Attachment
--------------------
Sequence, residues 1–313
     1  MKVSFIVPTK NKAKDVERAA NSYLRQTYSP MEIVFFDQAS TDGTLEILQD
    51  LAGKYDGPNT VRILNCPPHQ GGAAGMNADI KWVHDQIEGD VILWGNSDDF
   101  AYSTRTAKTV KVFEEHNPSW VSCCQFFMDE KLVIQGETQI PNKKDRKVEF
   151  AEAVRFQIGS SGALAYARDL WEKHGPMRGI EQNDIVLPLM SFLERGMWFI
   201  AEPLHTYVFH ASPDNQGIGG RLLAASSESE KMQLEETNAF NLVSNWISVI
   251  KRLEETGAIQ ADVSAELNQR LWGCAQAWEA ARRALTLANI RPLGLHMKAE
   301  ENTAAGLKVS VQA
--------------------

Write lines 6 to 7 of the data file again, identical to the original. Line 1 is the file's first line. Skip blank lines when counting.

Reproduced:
   201  AEPLHTYVFH ASPDNQGIGG RLLAASSESE KMQLEETNAF NLVSNWISVI
   251  KRLEETGAIQ ADVSAELNQR LWGCAQAWEA ARRALTLANI RPLGLHMKAE